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Cheaper and simpler payments drive economic inclusion in Indonesia

Published on April 5, 2023

Although it is the largest economy in Southeast Asia, Indonesia faces numerous challenges in the payments sector. Despite the country’s rapid digitalization and growing e-commerce industry, many locals still rely on cash for transactions, leading to widespread systemic issues related to financial inclusion and security. 

Additionally, the lack of a standardized payment infrastructure and limited access to banking services in remote and rural areas have also posed fundamental challenges to the development of the nation’s payments ecosystem.

With us today to discuss are two expert stakeholders in the game. Tessa Wijaya is the co-founder and COO of Xendit. One of Indonesia’s latest unicorns and sometimes referred to as the ‘Stripe of Southeast Asia,’ Xendit is a fintech company that provides payment solutions for businesses and individuals in the region. Gita Prihanto is the COO at Flip, a fintech company that lets users make payments, transfer money, pay bills, and purchase goods and services easily via mobile.

Making it cheaper for consumers

Until recently, interbank transfers in Indonesia had been painful because of their relatively high fees. It cost a significant portion of the day’s general budget (many Indonesians live on just a few dollars per day) to send money from one bank to another inside the country. Rp6,500 equates to roughly US$0.50. While this may not sound like much, it represents a significant expense to many locals, especially for those who need to make frequent transfers. 

Small business owners or freelance workers who rely on transfers to send or receive payments may struggle with these fees. The cost of interbank transfers can be a particular burden for low-income individuals who need to send money to family members in other parts of the country. As a result, many Indonesians may opt for informal channels, such as cash couriers, which can be risky and unreliable.

Flip is a fintech company based in Indonesia that provides a mobile app for peer-to-peer money transfers and other financial services. The company was founded in 2015 by three university students who aimed to address the high cost of interbank transfers. Today, the company has evolved to offer a variety of fintech services, including bill payments, prepaid phone credit top-ups, e-wallet top-ups, remittances, and more. The startup strives to provide fair and accessible financial services to its users, explained Gita, with a focus on convenience and affordability.

Making it simpler for SMEs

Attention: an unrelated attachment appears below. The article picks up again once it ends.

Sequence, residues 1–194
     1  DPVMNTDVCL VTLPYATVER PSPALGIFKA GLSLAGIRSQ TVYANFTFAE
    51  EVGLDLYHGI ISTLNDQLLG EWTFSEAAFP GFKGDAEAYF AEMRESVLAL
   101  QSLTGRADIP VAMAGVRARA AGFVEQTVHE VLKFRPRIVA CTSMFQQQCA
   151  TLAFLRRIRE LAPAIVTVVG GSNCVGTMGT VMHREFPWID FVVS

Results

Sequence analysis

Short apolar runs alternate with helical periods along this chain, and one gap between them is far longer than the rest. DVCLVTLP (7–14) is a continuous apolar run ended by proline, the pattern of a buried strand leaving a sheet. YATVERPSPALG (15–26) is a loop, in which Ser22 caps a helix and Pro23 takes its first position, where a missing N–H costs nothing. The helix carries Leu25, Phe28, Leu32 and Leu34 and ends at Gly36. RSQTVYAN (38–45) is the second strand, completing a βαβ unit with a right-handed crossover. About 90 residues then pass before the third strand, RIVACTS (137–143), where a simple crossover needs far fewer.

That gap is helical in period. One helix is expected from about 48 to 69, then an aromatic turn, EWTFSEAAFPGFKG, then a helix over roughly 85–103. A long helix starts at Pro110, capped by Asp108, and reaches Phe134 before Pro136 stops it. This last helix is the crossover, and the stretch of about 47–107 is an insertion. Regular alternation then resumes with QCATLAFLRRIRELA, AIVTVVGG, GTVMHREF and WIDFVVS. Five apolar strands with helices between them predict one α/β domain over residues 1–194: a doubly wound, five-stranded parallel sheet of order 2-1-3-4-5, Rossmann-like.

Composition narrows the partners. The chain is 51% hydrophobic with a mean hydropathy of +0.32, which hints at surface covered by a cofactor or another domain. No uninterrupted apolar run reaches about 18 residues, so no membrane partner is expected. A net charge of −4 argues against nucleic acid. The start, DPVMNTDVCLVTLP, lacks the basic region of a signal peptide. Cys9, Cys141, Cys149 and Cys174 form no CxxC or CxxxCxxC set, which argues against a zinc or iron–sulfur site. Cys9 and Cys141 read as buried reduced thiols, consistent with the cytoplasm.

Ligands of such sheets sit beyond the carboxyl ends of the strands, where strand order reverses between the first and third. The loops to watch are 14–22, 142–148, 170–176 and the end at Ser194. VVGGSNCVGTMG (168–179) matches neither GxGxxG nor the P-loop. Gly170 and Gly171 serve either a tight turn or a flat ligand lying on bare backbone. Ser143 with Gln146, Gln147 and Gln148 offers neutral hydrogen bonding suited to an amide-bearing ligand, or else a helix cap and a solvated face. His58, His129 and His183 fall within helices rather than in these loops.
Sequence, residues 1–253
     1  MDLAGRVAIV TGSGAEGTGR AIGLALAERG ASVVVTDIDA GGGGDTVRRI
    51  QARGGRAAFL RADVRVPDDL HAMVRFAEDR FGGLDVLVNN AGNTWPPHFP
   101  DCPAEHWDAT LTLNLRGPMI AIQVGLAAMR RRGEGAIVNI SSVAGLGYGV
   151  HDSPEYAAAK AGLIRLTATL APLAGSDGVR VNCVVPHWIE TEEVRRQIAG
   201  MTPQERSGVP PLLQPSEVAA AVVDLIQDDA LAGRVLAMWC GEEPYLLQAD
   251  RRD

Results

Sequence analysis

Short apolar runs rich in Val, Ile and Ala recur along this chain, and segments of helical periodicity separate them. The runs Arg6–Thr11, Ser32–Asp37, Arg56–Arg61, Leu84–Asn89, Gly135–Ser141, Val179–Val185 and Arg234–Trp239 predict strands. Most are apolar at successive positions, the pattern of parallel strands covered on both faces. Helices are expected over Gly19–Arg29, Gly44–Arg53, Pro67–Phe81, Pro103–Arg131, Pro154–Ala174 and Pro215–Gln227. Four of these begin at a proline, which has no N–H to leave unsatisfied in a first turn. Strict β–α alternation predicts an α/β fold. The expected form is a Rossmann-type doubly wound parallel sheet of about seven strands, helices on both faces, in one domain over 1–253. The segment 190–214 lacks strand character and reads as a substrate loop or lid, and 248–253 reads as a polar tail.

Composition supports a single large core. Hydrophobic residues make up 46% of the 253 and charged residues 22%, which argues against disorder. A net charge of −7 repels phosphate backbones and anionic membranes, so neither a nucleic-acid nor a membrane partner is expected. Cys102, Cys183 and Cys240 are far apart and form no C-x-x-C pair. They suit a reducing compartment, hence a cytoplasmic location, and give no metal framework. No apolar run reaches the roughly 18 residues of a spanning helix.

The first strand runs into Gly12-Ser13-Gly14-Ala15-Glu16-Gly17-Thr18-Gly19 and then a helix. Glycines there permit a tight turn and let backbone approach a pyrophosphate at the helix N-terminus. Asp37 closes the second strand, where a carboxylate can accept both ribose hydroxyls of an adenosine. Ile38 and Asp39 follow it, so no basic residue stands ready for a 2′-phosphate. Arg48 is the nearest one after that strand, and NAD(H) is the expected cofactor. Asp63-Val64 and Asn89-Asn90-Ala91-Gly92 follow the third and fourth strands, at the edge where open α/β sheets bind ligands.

Xendit started much like Flip, a fintech company that provided solutions based on money transfers, explained Tessa. She and her co-founder Moses soon realized that payments in Indonesia were so fragmented that, at the time, it would have taken too much work to make the app easy to use and frictionless for customers. 

Credit cards have never been (and likely will never be) a driving force of payments in Indonesia. Back in 2015, there was limited infrastructure for electronic and digital payments in general. The cash-based economy still reigned supreme and there were complex regulations due to many different rules and requirements for different types of payments.

“Xendit received many requests from its startup peers to make a solution for bank transfers to happen in real-time. For a business to come online, it would need to integrate into every bank, a process that would take three to six months. How could a business begin operating online if it could not accept payments? This process was not only lengthy but also came with complex pricing, set-up fees, integration fees, and penalties for service termination,” said Tessa.

Very few of Indonesia’s more than 64 million MSMEs wanted to go through all this trouble to sell goods and services online. Xendit sought to remove this barrier to entry. It offered free integration, public APIs, and access at any time. It provided on-demand customer support so businesses would not have to go through the same frustration that existed with the old paradigm of bank integration. Xendit even did away with service termination fees, explained Tessa. All her team asked for in return from the customer was the truth about how the platform could be better going forward.

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